Over the past few decades, the prevalence of diabetes has been on the rise. According to the WHO, 422 million people worldwide have diabetes, causing an estimated 1.5 million deaths every year. Among those with diabetes, 95% have type 2 diabetes—which is caused by the body’s resistance to insulin. It is known that risk factors for type 2 diabetes include older age, excess weight, poor diet and family history. However, the precise genetic basis of type 2 diabetes is still largely a mystery.
Dr. Mark McCarthy’s lab at the Oxford Center for Diabetes, Endocrinology and Metabolism (OCDEM) focuses on understanding the genetic causes of type 2 diabetes. Identifying which genes contribute to type 2 diabetes could provide opportunities for developing new therapeutics. Chris Grove, former lab manager in Dr. McCarthy’s lab, explained how they have approached this challenge.
They first recruited thousands of patients with and without diabetes. Then, through various laboratory techniques, they looked at various genetic markers to compare the two groups. “People who have diabetes may be more likely to have a specific genetic marker over and above what controls have,” said Chris. “What we are trying to achieve is provide a better understanding of the disease process—what genes are involved in disease, and then move from the biology into the clinic and hopefully treat our patients in a better way.”
The process in the lab begins by extracting DNA from patient blood samples. The samples then go through genetic analysis to identify the whole genome. By comparing the samples from patients with and without type 2 diabetes, they can discover specific genes that may be contributing to the disease. Those genes are investigated further to determine whether they are upregulated or downregulated, or if there are other genes that may impact their structure or function.
The need to process thousands of human blood samples prompted Chris to search for an automated platform for DNA extraction. They tested multiple platforms and ultimately chose Promega’s Maxwell® system. “What we liked about the Maxwell® was its simplicity—the fact that it had been engineered from the ground up and not retrofitted around existing company technology,” said Chris.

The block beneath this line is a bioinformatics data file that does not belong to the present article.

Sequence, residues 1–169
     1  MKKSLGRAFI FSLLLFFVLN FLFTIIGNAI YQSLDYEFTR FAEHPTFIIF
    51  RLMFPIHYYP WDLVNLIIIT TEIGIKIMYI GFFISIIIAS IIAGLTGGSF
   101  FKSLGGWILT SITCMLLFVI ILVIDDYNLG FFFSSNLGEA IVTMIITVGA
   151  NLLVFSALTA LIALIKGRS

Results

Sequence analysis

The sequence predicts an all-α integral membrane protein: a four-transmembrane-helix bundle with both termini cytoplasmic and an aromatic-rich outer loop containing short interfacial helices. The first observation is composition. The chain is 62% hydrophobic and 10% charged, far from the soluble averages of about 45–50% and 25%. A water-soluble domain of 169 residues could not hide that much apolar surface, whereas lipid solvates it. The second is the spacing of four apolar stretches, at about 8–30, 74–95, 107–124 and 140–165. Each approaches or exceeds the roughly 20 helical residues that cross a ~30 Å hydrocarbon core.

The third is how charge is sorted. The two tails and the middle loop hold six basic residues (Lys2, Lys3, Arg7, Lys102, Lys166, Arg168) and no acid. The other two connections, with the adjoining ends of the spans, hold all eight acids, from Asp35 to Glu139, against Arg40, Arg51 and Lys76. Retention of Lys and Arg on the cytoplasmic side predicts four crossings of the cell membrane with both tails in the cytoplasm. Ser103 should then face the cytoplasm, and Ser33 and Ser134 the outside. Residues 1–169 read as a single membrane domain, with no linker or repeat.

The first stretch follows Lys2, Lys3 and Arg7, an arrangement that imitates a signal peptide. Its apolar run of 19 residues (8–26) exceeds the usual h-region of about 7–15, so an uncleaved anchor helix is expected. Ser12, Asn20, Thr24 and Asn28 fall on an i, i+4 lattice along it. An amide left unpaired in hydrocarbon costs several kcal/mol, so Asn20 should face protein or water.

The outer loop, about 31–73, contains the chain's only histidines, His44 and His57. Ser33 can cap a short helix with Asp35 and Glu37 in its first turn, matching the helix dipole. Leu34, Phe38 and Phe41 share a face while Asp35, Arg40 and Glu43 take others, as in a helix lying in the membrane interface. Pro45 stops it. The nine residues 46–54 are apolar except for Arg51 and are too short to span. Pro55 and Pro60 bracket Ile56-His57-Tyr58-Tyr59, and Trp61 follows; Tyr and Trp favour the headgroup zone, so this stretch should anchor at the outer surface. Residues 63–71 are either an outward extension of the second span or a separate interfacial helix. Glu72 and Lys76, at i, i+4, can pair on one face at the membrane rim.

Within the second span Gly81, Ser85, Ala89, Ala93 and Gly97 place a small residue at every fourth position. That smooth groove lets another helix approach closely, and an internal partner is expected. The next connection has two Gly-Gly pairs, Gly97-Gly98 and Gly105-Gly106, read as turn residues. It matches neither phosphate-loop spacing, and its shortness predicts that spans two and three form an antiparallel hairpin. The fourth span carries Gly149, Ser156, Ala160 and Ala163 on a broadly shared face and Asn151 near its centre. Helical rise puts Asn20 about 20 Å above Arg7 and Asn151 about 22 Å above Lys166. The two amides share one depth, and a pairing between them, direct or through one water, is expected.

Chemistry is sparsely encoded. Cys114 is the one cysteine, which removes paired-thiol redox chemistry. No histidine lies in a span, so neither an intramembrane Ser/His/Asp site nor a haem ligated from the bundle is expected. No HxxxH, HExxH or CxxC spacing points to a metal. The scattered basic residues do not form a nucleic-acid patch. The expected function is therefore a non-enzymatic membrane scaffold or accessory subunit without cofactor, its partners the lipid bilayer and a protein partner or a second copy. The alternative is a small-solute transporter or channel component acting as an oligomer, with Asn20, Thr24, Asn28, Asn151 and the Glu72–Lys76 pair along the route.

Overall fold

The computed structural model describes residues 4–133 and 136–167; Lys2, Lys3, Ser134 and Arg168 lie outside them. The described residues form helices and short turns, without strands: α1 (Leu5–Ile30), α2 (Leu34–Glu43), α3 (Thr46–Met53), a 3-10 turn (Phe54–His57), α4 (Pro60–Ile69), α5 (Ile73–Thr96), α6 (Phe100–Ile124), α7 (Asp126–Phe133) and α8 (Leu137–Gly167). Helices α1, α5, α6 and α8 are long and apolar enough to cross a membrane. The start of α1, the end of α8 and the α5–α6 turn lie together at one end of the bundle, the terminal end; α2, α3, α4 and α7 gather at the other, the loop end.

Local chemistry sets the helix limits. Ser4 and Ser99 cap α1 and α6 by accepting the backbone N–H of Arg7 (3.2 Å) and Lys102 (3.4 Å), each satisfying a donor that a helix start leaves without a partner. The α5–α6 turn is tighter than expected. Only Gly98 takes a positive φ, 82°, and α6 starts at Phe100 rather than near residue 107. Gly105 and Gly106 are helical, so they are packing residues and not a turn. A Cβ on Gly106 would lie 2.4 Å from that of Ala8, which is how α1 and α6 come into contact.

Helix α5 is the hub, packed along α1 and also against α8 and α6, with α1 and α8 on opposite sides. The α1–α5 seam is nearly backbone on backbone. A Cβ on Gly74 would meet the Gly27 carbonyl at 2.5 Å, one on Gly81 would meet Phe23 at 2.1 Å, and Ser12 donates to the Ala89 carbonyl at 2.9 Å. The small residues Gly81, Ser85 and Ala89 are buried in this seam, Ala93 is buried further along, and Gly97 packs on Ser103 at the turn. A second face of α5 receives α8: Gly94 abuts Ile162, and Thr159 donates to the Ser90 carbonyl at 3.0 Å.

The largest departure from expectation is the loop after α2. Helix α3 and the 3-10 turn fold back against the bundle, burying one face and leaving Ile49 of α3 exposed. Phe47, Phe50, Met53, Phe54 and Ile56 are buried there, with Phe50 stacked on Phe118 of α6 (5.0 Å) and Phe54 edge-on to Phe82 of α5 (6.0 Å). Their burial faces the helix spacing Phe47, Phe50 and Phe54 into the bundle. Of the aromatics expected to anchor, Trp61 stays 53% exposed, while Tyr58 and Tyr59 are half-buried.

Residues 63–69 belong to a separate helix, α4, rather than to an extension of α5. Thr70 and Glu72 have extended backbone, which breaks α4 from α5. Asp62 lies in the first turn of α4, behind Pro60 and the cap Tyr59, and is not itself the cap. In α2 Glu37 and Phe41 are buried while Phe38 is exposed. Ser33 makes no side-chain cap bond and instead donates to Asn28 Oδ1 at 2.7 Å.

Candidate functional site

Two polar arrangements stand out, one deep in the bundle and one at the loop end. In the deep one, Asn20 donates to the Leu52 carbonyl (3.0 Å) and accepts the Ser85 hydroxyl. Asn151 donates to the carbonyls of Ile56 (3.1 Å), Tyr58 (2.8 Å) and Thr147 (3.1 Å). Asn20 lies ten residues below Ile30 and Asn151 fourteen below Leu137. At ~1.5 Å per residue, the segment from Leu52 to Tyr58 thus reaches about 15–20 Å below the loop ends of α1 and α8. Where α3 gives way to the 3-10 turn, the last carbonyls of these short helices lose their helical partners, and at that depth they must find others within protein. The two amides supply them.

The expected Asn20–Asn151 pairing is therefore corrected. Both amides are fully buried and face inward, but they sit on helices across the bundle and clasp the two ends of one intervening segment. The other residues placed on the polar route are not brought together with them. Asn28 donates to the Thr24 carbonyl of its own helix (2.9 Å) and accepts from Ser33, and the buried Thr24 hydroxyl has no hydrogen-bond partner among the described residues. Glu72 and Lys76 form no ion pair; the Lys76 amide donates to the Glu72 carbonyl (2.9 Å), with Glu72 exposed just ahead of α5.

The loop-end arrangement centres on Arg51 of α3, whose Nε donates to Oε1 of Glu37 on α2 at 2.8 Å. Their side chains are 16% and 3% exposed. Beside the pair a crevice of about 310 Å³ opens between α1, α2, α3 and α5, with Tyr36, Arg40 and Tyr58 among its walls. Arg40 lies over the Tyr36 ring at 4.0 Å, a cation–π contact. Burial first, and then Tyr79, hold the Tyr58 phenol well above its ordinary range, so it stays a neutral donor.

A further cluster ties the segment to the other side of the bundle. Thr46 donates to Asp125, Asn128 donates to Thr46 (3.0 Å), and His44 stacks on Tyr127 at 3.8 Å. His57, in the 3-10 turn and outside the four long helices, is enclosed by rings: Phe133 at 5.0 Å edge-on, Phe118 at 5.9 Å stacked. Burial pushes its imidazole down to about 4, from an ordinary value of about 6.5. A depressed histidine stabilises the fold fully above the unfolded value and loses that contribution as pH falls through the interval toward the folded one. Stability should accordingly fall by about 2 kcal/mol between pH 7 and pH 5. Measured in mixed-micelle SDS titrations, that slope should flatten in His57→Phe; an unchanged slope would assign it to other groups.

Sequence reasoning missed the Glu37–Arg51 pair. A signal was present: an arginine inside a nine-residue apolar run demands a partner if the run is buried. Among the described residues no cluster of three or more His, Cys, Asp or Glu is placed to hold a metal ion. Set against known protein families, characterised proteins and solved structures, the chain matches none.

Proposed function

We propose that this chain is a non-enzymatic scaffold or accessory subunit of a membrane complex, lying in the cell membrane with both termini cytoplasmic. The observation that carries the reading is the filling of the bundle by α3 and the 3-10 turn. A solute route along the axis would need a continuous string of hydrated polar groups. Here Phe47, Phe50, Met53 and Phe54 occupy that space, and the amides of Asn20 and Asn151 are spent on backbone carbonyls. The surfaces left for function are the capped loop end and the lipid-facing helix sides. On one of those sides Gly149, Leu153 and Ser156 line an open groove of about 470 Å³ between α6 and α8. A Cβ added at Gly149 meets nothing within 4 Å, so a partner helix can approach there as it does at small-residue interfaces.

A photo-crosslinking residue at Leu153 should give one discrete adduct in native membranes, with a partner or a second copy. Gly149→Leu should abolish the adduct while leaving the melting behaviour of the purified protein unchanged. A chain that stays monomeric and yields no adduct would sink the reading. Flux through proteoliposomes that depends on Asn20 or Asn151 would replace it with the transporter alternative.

They determined that a semi-automatic workflow best fits their need, which means that sample handling before and after the automated Maxwell® DNA extraction step is manual but tracked with a barcode. Initially, they purchased two Maxwell® 16 Instruments and built their sample extraction, processing and tracking around the system. Later on, they purchased even more Maxwell® Instruments to further increase the lab’s DNA processing capacity.
The Maxwell® workflow allowed the McCarthy lab to process hundreds of samples in a day. The next challenge was to apply what they find in the laboratory to the clinic. “We are increasingly finding it relatively easy to find genetic variants associated with disease these days. The challenge is for us to turn that into some sort of function that we can attribute to genes, then to take that into the clinic to treat patients effectively,” said Chris. “Long term success would be translating something we find in the laboratory to the clinic and then to patient welfare.”
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